Observations on the Need to Redesign Organizations and to Refocus Corporation Law to Promote Ethical Behavior and Discourage Illegal Conduct

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Delaware Journal of Corporate Law, Vol. 29, No. 1, pp. 43-112, 2004

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William Wines; J. Brooke Hamilton
Delaware; Journal; Corporate; Law; Organization; Ethics; Board of Directors; Decision Makers
paper description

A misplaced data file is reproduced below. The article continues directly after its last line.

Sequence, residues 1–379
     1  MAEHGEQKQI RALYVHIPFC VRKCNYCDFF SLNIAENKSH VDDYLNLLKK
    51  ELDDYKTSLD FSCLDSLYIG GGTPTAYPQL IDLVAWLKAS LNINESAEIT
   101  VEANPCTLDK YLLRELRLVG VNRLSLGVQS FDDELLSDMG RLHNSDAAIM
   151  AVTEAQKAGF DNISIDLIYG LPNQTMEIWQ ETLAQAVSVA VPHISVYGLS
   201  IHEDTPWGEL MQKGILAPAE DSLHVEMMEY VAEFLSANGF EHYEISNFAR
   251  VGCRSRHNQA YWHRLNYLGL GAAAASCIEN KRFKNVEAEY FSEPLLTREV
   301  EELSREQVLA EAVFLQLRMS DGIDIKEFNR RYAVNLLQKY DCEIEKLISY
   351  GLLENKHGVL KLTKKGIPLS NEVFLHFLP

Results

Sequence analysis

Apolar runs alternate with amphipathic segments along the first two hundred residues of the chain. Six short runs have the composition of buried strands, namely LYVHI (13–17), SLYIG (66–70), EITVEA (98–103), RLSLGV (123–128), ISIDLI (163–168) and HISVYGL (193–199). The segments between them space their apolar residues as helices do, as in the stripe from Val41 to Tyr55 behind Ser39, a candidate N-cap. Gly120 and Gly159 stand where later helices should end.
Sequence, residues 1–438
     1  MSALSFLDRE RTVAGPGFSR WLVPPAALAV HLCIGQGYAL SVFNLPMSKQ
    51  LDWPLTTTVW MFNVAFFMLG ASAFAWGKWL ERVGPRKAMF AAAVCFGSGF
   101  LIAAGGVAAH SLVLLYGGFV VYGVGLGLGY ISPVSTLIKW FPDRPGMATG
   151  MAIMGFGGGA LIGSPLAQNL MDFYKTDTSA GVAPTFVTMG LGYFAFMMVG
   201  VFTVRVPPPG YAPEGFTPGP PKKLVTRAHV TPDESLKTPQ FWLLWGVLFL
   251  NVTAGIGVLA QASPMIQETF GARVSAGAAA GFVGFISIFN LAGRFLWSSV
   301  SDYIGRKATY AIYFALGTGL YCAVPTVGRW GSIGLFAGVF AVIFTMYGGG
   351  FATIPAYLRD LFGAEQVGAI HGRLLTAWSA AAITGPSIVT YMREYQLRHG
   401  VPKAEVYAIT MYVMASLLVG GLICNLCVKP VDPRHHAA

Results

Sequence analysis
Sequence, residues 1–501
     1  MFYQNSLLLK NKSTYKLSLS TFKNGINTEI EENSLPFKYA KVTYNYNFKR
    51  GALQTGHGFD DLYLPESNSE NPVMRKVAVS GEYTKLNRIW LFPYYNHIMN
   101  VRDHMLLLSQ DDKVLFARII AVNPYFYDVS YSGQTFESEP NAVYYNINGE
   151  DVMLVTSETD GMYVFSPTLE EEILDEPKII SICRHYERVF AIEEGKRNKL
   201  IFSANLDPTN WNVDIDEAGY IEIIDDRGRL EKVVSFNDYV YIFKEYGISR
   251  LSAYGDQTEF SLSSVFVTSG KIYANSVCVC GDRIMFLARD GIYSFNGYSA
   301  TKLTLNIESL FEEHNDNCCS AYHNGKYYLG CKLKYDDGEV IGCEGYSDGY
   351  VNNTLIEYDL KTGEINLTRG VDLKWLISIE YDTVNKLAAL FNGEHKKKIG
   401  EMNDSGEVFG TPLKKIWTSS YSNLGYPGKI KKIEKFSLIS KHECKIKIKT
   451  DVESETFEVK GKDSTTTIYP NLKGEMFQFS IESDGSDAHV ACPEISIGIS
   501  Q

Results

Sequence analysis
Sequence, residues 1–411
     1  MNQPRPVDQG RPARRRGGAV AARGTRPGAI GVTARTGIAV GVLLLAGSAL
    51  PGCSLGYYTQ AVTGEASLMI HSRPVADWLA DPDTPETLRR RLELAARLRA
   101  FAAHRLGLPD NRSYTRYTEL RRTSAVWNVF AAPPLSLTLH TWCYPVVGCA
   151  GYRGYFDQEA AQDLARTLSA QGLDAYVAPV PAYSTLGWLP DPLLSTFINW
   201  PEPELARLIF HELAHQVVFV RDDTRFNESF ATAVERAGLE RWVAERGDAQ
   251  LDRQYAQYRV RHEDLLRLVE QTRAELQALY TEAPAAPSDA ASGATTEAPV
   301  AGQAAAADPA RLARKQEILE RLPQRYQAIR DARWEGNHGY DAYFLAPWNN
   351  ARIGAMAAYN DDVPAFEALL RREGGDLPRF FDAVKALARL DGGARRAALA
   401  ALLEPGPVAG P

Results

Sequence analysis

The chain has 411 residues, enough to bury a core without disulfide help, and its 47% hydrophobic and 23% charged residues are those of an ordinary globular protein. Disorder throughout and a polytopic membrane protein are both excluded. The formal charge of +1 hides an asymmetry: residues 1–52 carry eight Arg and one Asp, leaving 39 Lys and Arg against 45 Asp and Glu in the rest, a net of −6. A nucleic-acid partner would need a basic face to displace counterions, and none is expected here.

The social psychology researches of Milgram, Zimbardo, and others, show that good people can do bad things when placed in organizational structures and pressured by a strong corporate culture to be a good team member. Much of corporate law and applied ethics, to the contrary, focuses on the intentions and character of individual decision-makers as if they operated in a vacuum. While assigning responsibility to individuals is essential in law and ethics, this article argues for a broader, multi-disciplinary approach to understanding why legal and ethical meltdowns occur in businesses. To avoid such meltdowns, businesses must appreciate the changing nature of societal mandates and demonstrate more respect for the institution of law. Next, building on the work of James Waters, organizational blocks which operate to prevent healthy ethical behavior even when both managers and employees of a business want to do the right thing, are examined. Finally, building on the work of Robert Jackall, this article reviews some of the rules for successful careers that work to exclude consideration of law and ethics in managers' decision making, and make some tentative suggestions for legal and organizational reforms.